Not specifically a SMB Sportsmobile goucho, but I've done a boat, and hundreds of car seats. These things, RV's, Boats, are unlike a complicated antique chair, are really upholstered basic, you just need a few tools to do it yourself. Staple remover, diagonal cutters, staple gun (manual is fine), the correct length staples, some hand tools, half a boatload of patience (maybe a glass of wine or two).



90% of RVs are fabric over foam. If your goucho bed has springs like this older class C I once had, like an older car back seat, then it's fabric over foam over burlap or jute pad, over springs. They may have used some hogrings, so you'll need a pound of hogrings and hogring pliers, available from Eastwood.



I taught myself upholstery when in my 20's, 80% of it is just imagining how it was assembled, and doing the inverse of that to take it apart. Carefully. RVs are mostly foam and fabric over wood, super easy to work with. If any of the frame is damaged, fix it. A rotted corner, a chipped out edge, and by repaired with thickened epoxy (West Systems from West Marine is my favorite, epoxy doesen't stick like polyester resin), at worse, a new piece of wood. It all gets covered later, so no need for fine furniture finish, it just needs to be strong and solid, capable of accepting staples again to fasten the fabric, hiding your repair.



Once you unscrew it and flip it over, get it up to working height on a work table covered with a moving blanket. Alternatively, a carpeted floor, but that's hard on the low back and knees. Remove all of the hardware, hinges, brackets, straps and knobs, etc.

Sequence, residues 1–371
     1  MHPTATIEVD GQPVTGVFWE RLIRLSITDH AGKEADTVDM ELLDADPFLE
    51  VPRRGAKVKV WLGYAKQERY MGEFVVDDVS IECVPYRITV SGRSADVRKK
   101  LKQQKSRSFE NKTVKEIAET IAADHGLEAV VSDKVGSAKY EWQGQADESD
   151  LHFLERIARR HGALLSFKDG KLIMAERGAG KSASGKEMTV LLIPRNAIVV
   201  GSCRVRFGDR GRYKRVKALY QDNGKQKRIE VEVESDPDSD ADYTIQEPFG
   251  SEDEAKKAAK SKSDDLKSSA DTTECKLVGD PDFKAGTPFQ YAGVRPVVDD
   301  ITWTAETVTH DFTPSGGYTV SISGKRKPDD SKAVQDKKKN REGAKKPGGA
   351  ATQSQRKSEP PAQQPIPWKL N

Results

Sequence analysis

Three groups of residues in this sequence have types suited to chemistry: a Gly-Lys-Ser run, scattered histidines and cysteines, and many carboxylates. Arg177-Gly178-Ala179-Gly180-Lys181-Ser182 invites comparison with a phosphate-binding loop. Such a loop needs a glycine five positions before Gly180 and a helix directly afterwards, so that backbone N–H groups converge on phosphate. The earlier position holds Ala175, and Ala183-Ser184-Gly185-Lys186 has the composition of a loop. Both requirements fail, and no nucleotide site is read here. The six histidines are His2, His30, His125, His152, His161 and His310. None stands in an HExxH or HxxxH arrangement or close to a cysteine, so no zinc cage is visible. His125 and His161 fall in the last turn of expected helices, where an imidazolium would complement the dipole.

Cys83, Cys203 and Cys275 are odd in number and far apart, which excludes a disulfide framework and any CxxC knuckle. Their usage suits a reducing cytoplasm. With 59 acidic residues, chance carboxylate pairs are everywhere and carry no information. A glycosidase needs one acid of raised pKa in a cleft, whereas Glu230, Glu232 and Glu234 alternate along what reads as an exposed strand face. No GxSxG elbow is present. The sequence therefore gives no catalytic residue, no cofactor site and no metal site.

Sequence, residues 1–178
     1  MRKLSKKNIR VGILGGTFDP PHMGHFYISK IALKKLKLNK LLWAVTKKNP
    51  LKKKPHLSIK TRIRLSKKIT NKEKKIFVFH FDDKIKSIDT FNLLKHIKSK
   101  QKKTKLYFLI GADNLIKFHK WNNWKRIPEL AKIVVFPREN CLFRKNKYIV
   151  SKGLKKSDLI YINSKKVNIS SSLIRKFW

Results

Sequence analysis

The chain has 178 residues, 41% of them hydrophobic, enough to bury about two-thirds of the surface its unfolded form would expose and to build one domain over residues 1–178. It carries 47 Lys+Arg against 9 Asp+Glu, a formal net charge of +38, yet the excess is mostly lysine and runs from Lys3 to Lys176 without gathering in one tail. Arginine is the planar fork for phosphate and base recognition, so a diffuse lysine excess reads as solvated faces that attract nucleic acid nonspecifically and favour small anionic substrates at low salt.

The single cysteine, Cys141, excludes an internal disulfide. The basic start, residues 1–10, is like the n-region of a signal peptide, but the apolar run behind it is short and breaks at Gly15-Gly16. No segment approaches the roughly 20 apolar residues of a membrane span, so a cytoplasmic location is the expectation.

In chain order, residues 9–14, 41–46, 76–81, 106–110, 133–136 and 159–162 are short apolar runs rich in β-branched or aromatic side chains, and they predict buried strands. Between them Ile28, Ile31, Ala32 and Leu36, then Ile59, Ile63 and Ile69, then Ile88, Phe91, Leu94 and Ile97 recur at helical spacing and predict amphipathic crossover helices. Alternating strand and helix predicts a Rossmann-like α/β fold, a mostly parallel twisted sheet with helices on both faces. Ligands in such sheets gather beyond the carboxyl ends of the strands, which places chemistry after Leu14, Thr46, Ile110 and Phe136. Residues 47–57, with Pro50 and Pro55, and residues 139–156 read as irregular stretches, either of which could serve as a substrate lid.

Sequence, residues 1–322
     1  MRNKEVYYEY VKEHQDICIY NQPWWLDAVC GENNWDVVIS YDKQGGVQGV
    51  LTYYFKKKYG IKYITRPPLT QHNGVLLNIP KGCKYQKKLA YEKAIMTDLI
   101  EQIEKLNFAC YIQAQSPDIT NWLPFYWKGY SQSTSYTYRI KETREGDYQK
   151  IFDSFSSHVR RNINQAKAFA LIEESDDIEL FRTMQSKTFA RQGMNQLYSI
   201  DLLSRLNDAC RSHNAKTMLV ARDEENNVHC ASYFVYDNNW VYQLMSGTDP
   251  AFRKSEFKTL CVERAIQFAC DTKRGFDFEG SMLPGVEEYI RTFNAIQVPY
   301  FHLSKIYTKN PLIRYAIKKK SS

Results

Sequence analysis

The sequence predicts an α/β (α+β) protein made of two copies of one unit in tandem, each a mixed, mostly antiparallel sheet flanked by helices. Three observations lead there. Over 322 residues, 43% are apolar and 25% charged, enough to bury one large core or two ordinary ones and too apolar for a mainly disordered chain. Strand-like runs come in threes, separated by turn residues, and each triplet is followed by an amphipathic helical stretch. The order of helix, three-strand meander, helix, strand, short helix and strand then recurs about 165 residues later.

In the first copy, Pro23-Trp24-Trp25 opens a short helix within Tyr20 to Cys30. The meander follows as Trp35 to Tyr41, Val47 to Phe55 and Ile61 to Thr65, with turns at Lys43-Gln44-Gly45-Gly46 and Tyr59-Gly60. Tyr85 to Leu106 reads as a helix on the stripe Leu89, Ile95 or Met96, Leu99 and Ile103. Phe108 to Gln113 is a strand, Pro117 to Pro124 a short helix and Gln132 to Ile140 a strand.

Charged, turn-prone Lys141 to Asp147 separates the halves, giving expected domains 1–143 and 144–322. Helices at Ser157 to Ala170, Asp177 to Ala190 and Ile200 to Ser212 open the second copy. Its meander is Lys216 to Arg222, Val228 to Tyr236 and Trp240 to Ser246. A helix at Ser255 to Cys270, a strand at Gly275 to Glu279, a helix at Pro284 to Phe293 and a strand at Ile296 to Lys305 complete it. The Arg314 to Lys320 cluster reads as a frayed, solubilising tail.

You'll likely see nothing more than staples holding the fabric onto plywood.



Diagonal cutters are my favorite for digging staples out, prying and gripping each staple leg with cutters as if they were pliers, being careful cut to cut a leg, as if you were going to r-use each staple (which of course, you won't). It takes a little practice and patience, but it's worth it. If you don't dig the staples out, and there are a lot of them, you run the risk of running a new staple into an old one at reassembly, and in my view, it just looks amateurish. If dealing with hog rings, you'll need very strong and very sharp side cutters, with long handles. Once you carefully remove every staple and or hog ring, access the condition of the fabric and foam. The foam is shot, I got that, but what about the fabric? Will you be re-using the cover? If if sun-damaged, stinky, crumbling then no, but take care of it, as you can have an upholstery shop make you a new cover to match, using what you gave them as a pattern. Reinstall it yourself and save some $$


Take some of the foam with you when foam shopping, cut from the less deteriorated area, as it comes in different densities and weights, which will make all the difference in the world when it come to sitting and sleeping comfort. Choose the new stuff wisely, don't buy junk.



I used to buy my foam rubber from a mattress manufacturer, but some larger fabric stores carry it, and upholstery shops often can order it for you if they don't carry what you need. If over wavy springs, be sure to use a padding between the springs and foam. If not, the springs cut into the foam rubber over time, leaving you the feeling you're sitting/laying on fabric over springs, no bueno.



Or forego most of the above, remove the goucho yourself, break it down to just the cushions and drop it off at your friendly neighborhood upholstery shop, save a few $.